Solitude and Companionship

“Many a traveler came out of his way to see me and
the inside of my house, and, as an excuse for calling,
asked for a glass of water.” In chapter six, on the passage that begins with that sentence, Walden writes about how some half witted men came to him and his disinterest in engaging. This is the main message of Visitors, Walden’s seeking of solitude with his occasional curiosity in interesting people.

One Reply to “Solitude and Companionship”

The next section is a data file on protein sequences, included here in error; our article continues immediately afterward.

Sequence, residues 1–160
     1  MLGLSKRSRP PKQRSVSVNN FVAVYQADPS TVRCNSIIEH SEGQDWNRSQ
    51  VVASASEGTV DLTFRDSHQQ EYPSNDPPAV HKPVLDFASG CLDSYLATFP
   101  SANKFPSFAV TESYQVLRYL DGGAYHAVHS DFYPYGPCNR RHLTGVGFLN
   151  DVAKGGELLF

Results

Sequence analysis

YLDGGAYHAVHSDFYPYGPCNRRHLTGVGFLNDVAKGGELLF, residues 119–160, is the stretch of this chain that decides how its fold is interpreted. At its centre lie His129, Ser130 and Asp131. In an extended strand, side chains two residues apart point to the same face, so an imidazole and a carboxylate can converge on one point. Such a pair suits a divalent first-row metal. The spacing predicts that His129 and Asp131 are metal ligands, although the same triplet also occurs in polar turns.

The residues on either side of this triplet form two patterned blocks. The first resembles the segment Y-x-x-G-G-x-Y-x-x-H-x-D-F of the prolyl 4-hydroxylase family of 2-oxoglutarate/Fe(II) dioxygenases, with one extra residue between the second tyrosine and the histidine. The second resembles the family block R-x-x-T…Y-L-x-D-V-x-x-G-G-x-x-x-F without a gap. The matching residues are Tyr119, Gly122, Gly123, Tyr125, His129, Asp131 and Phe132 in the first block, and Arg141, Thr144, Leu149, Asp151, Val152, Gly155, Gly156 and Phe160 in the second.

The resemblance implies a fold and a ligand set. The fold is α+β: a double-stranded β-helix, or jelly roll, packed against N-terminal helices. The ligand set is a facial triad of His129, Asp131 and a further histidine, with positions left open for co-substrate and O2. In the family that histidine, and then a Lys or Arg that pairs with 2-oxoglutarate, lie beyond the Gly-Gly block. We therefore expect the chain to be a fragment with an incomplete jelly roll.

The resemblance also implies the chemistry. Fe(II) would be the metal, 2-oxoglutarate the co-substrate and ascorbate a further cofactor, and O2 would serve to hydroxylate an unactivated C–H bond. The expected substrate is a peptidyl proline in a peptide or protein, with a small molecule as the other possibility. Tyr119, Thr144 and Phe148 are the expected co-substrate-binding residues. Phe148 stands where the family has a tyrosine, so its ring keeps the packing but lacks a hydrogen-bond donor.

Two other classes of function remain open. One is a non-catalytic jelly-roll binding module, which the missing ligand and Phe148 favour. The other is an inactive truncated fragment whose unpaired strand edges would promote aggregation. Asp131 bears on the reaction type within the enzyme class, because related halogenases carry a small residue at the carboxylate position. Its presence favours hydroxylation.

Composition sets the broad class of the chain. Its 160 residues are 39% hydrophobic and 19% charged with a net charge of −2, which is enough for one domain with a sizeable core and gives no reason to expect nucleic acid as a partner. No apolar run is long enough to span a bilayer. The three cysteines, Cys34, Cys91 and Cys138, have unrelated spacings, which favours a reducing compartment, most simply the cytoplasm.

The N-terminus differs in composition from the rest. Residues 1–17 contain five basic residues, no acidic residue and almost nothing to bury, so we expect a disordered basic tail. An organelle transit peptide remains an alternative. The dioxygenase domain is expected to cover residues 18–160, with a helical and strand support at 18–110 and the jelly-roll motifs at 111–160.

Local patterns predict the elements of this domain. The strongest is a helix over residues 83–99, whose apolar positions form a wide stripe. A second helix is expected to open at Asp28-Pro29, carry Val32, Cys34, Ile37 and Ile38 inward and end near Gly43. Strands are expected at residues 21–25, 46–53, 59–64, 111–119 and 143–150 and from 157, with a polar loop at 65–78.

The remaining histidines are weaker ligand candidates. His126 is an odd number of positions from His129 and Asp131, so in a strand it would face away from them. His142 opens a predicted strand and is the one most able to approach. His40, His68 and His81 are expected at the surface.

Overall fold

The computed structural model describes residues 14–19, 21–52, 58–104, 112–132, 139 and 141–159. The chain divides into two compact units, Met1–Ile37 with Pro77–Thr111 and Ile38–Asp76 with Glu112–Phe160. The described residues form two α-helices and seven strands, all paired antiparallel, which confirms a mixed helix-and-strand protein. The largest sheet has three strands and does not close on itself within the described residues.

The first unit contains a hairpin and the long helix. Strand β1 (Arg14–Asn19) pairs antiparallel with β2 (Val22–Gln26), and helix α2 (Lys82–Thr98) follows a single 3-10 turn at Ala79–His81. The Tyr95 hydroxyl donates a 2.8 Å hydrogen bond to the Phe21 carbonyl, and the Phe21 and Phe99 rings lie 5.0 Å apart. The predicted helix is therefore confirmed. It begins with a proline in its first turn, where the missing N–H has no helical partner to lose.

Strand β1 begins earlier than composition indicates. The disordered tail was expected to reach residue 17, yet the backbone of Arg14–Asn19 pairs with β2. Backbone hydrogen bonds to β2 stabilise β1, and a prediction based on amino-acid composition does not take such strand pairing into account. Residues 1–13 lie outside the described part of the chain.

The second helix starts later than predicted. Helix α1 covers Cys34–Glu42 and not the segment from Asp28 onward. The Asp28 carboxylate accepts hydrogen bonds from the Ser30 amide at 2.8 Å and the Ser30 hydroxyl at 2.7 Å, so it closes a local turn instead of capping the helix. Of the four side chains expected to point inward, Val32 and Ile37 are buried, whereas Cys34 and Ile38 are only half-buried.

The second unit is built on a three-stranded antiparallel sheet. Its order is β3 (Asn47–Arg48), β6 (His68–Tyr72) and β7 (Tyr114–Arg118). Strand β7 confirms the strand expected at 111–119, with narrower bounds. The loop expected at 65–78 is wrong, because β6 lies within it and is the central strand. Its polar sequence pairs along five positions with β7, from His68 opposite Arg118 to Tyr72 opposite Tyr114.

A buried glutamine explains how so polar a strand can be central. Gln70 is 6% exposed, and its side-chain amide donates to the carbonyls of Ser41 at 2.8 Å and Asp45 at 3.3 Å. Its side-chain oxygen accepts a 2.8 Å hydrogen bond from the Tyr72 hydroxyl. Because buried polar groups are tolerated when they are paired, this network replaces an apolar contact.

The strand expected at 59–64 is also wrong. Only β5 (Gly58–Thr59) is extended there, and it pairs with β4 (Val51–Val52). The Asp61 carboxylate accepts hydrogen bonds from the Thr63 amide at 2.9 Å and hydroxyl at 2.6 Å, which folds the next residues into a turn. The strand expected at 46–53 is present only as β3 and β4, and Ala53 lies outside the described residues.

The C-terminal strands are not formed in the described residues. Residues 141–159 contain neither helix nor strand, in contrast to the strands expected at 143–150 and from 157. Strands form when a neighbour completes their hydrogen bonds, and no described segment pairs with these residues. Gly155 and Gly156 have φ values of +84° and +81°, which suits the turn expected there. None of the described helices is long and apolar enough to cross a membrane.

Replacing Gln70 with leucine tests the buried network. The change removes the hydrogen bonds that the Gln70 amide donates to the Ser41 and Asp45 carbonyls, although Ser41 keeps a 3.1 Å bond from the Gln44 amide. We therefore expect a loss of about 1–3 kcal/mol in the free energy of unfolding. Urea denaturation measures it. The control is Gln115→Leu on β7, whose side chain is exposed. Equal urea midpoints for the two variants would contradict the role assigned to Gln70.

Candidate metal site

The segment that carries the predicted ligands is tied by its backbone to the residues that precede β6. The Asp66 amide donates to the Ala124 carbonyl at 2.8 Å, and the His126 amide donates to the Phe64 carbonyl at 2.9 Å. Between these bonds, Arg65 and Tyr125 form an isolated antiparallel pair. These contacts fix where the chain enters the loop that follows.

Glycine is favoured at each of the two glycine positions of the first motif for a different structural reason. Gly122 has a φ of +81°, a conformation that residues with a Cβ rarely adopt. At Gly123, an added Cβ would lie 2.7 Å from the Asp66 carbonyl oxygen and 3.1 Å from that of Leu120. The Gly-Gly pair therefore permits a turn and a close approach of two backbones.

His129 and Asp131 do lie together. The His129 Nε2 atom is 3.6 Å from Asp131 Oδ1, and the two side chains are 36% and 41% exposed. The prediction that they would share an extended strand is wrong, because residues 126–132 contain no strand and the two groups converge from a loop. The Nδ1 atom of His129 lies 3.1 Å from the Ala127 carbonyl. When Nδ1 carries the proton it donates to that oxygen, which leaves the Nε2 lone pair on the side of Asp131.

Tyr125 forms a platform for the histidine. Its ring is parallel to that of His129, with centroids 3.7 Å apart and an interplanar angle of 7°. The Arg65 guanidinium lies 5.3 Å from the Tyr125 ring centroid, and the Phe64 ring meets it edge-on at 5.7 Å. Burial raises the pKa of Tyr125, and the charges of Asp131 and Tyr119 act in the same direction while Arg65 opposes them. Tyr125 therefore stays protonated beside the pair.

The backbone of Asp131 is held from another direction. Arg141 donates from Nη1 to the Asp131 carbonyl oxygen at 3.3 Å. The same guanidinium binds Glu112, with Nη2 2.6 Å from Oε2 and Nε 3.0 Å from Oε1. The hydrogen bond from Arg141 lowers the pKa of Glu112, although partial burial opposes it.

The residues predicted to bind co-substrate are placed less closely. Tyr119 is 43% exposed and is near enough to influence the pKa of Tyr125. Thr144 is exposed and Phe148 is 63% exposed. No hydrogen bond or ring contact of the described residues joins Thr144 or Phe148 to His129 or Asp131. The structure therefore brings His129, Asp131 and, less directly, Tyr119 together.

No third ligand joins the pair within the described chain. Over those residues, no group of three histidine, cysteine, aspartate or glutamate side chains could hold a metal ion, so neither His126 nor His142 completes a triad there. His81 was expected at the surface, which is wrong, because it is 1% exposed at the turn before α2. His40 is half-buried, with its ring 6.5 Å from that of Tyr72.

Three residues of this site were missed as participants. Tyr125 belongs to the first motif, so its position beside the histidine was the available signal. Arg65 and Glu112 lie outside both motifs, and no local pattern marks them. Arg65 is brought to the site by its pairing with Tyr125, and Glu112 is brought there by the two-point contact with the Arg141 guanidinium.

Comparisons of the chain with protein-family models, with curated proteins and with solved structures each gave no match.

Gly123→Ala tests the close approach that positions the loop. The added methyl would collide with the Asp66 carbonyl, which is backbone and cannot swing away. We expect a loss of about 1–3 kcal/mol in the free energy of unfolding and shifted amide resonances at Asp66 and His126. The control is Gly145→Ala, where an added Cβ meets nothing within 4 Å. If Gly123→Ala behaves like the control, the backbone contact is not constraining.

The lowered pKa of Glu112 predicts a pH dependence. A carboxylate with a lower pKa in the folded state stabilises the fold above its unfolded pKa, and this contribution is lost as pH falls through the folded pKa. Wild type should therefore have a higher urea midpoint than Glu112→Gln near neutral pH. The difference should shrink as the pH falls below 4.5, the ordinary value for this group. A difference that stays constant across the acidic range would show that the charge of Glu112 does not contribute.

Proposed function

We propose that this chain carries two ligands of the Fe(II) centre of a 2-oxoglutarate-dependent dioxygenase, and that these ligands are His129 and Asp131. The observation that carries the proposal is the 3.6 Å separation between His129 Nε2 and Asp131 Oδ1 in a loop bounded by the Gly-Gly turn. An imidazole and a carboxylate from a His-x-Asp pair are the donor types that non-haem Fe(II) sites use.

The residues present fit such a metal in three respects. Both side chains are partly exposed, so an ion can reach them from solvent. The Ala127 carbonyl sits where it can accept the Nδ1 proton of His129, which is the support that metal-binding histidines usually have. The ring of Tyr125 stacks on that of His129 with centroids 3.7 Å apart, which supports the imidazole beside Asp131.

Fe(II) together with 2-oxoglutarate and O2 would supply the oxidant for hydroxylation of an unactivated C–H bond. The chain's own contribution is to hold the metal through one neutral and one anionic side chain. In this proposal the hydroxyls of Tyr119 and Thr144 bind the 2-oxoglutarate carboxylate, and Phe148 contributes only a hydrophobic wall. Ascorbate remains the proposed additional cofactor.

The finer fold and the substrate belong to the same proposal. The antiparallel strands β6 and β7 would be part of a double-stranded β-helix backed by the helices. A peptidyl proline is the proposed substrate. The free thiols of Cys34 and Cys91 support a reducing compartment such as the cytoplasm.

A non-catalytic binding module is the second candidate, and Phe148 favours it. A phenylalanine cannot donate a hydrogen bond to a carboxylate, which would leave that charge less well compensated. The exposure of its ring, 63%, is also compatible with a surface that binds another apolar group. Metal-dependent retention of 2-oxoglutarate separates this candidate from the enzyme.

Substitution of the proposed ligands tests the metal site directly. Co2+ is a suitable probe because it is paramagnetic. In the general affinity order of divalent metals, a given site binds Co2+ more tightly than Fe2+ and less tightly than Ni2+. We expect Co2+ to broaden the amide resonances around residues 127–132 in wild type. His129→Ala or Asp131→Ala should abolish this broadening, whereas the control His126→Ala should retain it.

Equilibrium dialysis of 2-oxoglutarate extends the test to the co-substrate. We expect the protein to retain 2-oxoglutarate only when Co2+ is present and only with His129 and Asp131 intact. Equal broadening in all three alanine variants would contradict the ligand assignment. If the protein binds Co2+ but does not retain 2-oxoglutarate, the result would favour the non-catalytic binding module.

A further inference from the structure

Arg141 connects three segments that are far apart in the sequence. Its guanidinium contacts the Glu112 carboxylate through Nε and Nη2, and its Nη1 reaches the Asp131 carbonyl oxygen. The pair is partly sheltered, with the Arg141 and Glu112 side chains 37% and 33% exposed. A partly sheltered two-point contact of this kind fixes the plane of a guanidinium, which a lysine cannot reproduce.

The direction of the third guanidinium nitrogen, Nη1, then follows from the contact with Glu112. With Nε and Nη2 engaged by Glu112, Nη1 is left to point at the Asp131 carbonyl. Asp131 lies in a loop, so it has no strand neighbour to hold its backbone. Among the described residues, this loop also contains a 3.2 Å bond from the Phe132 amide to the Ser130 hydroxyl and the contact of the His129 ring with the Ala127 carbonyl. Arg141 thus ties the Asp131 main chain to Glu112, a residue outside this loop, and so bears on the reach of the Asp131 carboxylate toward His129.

1. Do you think Thoreau has a sort medium between solitude and society? Or does he completely reject society in favor of solitude in nature? I believe that he still does value interaction, but to a lesser extent than I think he sees society as demanding of everyone. To him, a nice small group of people is refreshing once in a while, but he prefers a single companion when he needs “society” and prefers even more his own solitude in nature. I think his reference to acquaintances requesting a glass of water as an excuse to stop by his dwelling is clever in the sense of Thoreau appreciating those wanting to see him and joking of the lengths they will go to do so. It demonstrates he enjoys seeing his friends and acquaintances, yet when they leave he again appreciates the value of solitude and leaving space for one’s own thoughts.

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